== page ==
Pelagic Sargassum Habitat Restricted Area
An area off the US southeast coast where harvesting of pelagic sargassum is strictly regulated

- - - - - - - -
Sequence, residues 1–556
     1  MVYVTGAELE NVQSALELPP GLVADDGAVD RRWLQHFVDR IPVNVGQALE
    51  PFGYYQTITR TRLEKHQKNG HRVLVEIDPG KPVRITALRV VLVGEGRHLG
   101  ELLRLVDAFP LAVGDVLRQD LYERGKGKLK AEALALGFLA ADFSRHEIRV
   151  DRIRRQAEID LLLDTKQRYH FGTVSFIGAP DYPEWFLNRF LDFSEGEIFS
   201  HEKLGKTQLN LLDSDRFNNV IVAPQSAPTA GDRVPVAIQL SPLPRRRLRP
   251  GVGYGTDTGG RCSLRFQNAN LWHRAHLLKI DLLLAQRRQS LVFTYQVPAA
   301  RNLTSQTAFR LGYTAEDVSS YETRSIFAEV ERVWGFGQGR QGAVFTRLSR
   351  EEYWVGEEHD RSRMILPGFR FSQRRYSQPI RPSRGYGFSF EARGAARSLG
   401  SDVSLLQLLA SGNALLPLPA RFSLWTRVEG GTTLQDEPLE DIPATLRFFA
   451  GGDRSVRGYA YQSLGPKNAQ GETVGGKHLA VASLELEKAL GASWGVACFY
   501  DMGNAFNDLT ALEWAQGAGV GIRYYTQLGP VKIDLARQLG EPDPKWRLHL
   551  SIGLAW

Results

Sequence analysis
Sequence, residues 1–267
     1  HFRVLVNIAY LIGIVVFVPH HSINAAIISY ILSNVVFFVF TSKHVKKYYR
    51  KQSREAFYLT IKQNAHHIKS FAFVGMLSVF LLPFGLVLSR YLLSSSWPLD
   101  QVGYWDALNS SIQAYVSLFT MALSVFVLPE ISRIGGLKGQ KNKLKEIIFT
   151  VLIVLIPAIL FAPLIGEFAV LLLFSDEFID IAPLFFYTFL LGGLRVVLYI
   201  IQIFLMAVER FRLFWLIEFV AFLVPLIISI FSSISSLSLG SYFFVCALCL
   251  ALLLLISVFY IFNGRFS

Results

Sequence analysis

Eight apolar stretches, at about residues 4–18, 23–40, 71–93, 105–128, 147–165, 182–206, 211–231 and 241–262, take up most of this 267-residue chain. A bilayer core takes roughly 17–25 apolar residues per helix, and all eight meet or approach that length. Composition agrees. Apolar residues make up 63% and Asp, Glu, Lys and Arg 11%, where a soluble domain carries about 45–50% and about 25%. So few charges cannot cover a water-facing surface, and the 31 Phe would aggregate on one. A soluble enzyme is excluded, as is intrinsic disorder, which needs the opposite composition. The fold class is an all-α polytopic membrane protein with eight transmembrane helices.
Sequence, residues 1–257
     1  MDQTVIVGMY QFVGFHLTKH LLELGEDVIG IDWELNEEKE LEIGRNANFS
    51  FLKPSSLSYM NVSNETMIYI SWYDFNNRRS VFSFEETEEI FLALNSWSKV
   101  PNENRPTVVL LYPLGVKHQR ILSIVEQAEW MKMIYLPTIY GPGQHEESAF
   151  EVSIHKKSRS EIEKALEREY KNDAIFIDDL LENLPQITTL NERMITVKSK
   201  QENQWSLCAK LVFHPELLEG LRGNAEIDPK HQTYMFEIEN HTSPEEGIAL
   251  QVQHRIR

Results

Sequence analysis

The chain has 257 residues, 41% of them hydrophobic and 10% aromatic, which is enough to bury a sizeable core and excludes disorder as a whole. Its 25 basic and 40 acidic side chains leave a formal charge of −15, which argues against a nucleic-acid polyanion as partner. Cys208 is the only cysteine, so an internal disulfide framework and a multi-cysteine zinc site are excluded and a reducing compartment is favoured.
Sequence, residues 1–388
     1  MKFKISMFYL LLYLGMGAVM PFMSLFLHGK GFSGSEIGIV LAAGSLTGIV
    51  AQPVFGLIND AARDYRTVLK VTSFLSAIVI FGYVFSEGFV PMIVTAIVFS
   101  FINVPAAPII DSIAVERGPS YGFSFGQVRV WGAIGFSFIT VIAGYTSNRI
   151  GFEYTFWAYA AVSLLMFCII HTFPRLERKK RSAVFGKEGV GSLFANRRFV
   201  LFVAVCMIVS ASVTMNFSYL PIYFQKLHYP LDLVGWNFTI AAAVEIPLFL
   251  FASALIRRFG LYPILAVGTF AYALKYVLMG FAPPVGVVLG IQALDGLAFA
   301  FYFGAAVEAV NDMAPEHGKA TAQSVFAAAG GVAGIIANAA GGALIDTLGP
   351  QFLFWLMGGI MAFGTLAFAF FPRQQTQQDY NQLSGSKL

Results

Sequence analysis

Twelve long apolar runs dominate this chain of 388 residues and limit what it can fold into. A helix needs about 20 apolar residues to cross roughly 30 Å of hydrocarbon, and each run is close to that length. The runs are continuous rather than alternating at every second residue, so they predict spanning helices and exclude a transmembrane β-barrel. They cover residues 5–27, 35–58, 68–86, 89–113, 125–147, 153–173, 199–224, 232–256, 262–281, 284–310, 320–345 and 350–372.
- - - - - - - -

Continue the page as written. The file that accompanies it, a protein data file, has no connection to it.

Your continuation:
Sargassum is a genus of brown seaweed. Most sargassum is found in shallow coastal tropical and temperate marine waters. But there are two species (S. natans and S. fluitans) that have fully adapted to free-floating (planktonic) life, becoming holopelagic – reproducing vegetatively and never attaching to the seafloor. Most species of sargassum reproduce by producing gametes that, after fertilization, initially develop into zygotes while still attached to the parent. The zygote becomes a germling, which only then separates from the parent to begin an independent life. Pelagic sargassum, in contrast, reproduces by the joining of free-floating ova and sperm in the water column. Pelagic sargassum is found primarily in the western portion of the North Atlantic gyre. This area has acquired the name the Sargasso Sea, so-named by sailors on early transatlantic voyages who were concerned that the sargassum might become so thick as to halt the vessels in their voyages. Pelagic sargassum often forms lengthy, but relatively narrow, ribbons in and to the east of the Gulf Stream. Numerous fish and other marine species congregate in and directly under these sargassum ribbons, creating a unique and rich ecosystem that can extend to a depth of up to 30 feet. Some years ago, fishermen established a directed fishery that harvested large quantities of pelagic sargassum for use in the feed supplement industry. This activity significantly reduced the amount of pelagic sargassum and adversely impacted the animals and plants that relied on the ecosystem. After lengthy studies, the National Marine Fisheries Service (NMFS), established the Pelagic Sargassum Habitat Restricted Area. Within this area, which constitutes the US South Atlantic Exclusive Economic Zone (EEZ), any vessel that harvests or possesses pelagic sargassum must carry an approved observer and must advise the agency in writing in advance of each planned harvesting trip. There is a minimum allowable mesh size of four inches for the net and a maximum quota for all persons of 5,000 pounds wet landed weight for the season. When the quota is reached, the harvest season is closed.